Microglia may turn some astrocytes against motor neurons and oligodendrocytes in ALS according to a study published on January 18 in Nature. The study, led by Ben Barres of Stanford University School of Medicine, found that a subset of astrocytes appeared to proliferate upon neuronal injury in vivo leading to degeneration of more than 60% of nearby neurons. What’s more, these cells appeared to inhibit the differentiation and proliferation of oligodendrocyte precursor cells (OPCs) and destroy oligodendrocytes, key cells that provide metabolic support to motor neurons that appear to be lost in the disease (see January 2011, April 2013 and November 2016 news; Lee et al., 2013). This astroglial about-face appeared to be instigated by reactive microglia due to the secretion of interleukin-1α, tumor necrosis factor (TNF) and complement C1q. The cells, called A1 astrocytes, could be detected in post mortem tissue from patients with five neurodegenerative diseases including ALS. The results suggest that this microglial-based attack strategy could be a key general underlying mechanism of neurodegenerative disease (see January 2017 news).
Researchers first suspected in 2011 that some astrocytes might go rogue in ALS by studying the G93A rat model of SOD1 disease. The study, led by Luis Barbeito at the Institut Pasteur de Montevideo in Uruguay, found that a subset of astrocyte-like cells appeared in the ventral horn of the spinal cord during symptom onset – surrounding damaged motor neurons. In addition, the numbers of these cells rose during disease progression – increasing more than 50% by the end stage of the disease. The cells, called aberrant astrocytes (ABAs), appeared to destroy motor neurons by secreting neurotoxic substances including connexin 43 – at least in culture.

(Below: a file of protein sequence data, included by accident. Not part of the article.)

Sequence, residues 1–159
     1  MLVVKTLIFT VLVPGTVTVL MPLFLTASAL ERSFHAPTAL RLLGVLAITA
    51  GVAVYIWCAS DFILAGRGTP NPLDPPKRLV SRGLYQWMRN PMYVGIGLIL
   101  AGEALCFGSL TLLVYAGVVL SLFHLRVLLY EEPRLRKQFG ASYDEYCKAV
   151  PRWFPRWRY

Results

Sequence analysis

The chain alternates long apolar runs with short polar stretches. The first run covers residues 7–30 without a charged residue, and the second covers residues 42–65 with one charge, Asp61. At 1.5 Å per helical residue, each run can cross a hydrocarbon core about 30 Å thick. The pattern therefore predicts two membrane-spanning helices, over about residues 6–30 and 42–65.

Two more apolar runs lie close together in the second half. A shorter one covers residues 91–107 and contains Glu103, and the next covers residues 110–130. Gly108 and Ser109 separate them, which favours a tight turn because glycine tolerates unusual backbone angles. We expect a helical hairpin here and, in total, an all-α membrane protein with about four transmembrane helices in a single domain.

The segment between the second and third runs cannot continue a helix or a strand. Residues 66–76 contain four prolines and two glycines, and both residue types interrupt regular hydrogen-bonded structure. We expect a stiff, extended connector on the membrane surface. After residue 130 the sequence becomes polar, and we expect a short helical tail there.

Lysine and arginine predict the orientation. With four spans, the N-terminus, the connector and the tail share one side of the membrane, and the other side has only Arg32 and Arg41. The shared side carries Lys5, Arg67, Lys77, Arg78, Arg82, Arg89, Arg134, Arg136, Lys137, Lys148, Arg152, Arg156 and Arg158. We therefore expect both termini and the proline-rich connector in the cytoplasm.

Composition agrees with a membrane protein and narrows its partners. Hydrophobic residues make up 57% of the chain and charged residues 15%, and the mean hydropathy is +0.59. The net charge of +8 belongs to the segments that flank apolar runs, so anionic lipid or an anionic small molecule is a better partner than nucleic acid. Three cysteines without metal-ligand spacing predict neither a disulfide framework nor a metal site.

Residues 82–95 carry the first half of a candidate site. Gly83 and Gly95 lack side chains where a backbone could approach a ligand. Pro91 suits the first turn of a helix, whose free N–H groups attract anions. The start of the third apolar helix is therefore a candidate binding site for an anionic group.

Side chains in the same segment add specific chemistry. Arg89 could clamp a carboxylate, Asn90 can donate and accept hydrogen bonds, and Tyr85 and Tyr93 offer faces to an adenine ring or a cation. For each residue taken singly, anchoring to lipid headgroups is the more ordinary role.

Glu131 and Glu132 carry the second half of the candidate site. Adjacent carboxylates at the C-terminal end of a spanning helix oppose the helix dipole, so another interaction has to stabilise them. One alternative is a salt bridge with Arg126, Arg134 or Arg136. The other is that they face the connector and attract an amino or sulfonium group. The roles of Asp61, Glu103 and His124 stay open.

Together, the results suggest these astrocytes may be a key contributor to ALS and targeting them may be a potential therapeutic strategy for the disease.
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